If you’re thinking of moving to Spain as a young and rich expat, you’ll probably be looking at a few shortlisted locations. Now the word “rich” can mean many things, but I’m using it to define young entrepreneurs, investors, and professionals who have a relatively high income or net worth.
Here’s my view on where to live in Spain if you fit that description, based on what I’ve seen during my time in Spain.
In my experience, people tend to consider the following locations:
- Barcelona (Catalonia)
- Madrid (Comunidad de Madrid)
- Costa del Sol (Andalucia)
- Costa Blanca (Comunidad Valenciana)
- Balearic islands (Islas Baleares)
First, I will explain why I listed them in this fashion.
For Barcelona and Madrid, they are pretty much the only serious destination within their autonomous regions, so I put down the city names directly.
For the two coasts (del Sol and Blanca), expats tend to be a bit more spread out and refer to the names of the coasts when explaining where they live.
For the islands, most expats will be found on Mallorca or Ibiza.
The autonomous region in brackets is important due to the fact that the tax implications differ between each region.
The best houses I’ve seen were in Madrid, Costa del Sol (look around the Marbella area as an example) and the Balearic islands. Barcelona also has some decent places, but they tend to be extraordinarily expensive and there are relatively few newer builds.
Young couples and families tend to prefer modern housing and there is a dearth of that type of housing in Barcelona due to bad socialist policies in place, among other factors. The city is also constrained by its geography, meaning the suburbs are actually quite distant compared to other cities. You will find decent housing in suburbs like Sant Cugat and Sitges, but you lose the proximity to the city.
For year-round cultural activities nothing comes close to Barcelona or Madrid. The difference becomes even more apparent in winter, when the other locations in my list become devoid of activity as tourism wanes.
If you value events, conferences and networking opportunities, then again you will want to stick to one of these two cities.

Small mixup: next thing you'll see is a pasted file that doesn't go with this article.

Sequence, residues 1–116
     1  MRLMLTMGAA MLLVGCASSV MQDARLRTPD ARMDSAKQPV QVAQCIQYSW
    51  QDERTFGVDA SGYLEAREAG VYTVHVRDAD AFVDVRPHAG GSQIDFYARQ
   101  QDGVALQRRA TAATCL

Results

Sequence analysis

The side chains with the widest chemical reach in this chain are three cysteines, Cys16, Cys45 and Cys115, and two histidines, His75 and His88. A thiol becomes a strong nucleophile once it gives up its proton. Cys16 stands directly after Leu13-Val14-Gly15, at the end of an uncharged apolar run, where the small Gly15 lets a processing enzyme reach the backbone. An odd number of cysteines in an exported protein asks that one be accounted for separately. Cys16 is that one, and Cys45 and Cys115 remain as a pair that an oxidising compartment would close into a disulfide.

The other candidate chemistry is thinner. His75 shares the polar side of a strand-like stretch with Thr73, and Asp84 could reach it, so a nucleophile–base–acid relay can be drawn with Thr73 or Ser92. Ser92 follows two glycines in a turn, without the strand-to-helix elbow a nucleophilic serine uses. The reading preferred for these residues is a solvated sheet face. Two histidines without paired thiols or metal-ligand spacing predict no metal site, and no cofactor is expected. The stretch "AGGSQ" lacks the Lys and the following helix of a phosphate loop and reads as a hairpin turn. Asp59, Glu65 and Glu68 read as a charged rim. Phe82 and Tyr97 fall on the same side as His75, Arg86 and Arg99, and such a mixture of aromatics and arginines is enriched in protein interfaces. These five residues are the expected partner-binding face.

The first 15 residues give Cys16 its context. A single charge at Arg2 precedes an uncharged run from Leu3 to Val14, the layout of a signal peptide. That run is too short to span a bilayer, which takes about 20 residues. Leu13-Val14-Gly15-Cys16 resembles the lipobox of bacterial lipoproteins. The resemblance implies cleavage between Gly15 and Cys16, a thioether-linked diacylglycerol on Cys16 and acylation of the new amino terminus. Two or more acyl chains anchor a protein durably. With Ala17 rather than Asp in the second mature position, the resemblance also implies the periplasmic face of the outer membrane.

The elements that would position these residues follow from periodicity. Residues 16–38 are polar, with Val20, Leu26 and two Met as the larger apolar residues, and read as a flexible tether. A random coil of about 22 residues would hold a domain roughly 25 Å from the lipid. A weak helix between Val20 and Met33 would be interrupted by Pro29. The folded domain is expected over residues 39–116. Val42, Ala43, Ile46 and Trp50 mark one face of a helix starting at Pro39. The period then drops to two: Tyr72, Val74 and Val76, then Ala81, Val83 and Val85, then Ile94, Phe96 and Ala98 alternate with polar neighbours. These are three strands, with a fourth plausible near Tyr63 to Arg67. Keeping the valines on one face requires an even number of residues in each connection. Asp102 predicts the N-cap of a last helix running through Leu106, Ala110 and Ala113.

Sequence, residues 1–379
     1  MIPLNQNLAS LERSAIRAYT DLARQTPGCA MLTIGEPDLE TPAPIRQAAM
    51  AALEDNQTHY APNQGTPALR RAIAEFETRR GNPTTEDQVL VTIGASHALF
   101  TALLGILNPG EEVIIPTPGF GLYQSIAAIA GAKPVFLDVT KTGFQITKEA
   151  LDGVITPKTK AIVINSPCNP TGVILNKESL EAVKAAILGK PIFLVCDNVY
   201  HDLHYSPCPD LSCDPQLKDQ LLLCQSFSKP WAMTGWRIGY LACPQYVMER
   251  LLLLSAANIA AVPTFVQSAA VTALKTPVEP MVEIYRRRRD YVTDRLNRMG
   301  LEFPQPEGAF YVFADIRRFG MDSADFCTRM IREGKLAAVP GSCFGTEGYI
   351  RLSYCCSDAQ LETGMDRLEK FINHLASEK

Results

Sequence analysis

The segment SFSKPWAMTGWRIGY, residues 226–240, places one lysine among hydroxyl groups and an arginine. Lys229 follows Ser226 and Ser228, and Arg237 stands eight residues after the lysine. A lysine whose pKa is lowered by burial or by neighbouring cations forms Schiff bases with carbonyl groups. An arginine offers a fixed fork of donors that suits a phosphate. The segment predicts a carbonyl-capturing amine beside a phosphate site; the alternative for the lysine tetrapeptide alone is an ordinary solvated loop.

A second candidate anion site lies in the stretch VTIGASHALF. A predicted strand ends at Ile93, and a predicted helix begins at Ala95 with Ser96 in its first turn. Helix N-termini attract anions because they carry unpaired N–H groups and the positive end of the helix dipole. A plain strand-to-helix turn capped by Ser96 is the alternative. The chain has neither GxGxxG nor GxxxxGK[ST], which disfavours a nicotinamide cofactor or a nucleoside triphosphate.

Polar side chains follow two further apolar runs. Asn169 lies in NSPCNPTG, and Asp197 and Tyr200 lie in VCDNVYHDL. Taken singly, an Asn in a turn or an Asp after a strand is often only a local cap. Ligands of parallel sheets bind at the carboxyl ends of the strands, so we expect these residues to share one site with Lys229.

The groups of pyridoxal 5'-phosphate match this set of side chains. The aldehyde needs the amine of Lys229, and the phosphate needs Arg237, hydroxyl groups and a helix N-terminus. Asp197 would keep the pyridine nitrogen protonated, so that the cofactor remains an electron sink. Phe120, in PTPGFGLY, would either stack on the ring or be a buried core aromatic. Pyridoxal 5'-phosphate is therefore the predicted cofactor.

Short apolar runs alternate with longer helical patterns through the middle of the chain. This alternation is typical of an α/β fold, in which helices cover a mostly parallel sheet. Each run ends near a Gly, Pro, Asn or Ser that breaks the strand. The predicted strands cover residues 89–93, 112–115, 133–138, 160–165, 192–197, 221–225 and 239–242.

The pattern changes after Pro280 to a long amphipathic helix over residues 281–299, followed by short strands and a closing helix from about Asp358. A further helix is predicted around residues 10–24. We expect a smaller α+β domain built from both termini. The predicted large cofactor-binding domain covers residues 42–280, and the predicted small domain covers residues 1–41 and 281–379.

Barcelona wins this hands-down due to the large size of the expat community and its diversity. Other areas tend to be dominated by expats from certain countries (e.g. Germany/UK) whereas in Barcelona you’ll find a mix of people from all over the world.
Madrid is good too from this aspect but the expat community is smaller, especially when considering the type of person I have in mind in this article.
Politics & Taxation
In my opinion, Madrid and Andalucia are the two regions that are doing things the right way politically. They are trying to reduce taxation and encourage investment in the regions, while Barcelona is stuck in socialist hell.
Everyone has their opinion on politics, but regarding taxation the numbers speak for themselves, and show that Madrid and Andalucia are the best places for lower taxation in Spain, although it remains quite high in any case.
If you have kids, and want to find a top international school, but also give your kids a holistic education in terms of sports activities and mixing with many other nationalities and locals, then you want to stick to either Barcelona and Madrid.
You can find some decent schools in the other areas, but you will miss out on the better availability of extra curricular activities and social life that the two biggest cities of Spain offer.
Keep in mind that once your kids turn eighteen and start looking at Universities, they will probably leave Spain and further their education in the US, UK, or the Netherlands. You might want to plan around that if you value living close to your children.
If you intend to travel a lot, then the best options are clearly Madrid and Barcelona, both of which have highly trafficked international airport. I particularly like the airport in Barcelona, but both are pretty good.
Travel between the two cities is also very convenient via the high speed train connection, which is important if you plan to conduct business in both cities. Madrid is better connected to the rest of Spain through both road and rail, so that’s another consideration if you want to explore Spain or have business all over.
If weather is very high on your priority list, then Madrid loses out due to its more extreme temperature highs and lows. It also lacks having the sea and the summer lifestyle one associates with coastal areas.
All other cities and areas I mentioned are great, but I would have to put Barcelona top due to its great and balanced weather. Summertime is always great in Barcelona and the Costa Brava, while the winter is not too cold and very pleasant for excursions. You also have several locations for good skiing within 2 hours drive from Barcelona.
The Balearic islands and southern coast of Spain are not my favorite because they tend to be more deserted in wintertime.
Some expats move to the Canary islands due to the great weather in winter, given their location, but in my opinion you would lose out on too many other things to make this a top destination.
Time to Move to Spain?
Spain is a wonderful country to live in as an expat, and has very few rivals worldwide if you seek overall quality of life. It might not be the top in anything, but it does have a bit of everything you need to live a happy life.
The biggest downside is inept politicians and a high level of taxation. This is why many expats are now choosing to move to Portugal instead of Spain. I have noted my thoughts on Barcelona vs Lisbon in a separate article, but in a nutshell, if tax optimisation and English-speaking locals is high on your priorities list, you will want to look at Portugal. For everything else, Spain wins out.
Have you moved to Spain as an expat? Do you agree with my assessment? Happy to continue the discussion in the comments section below.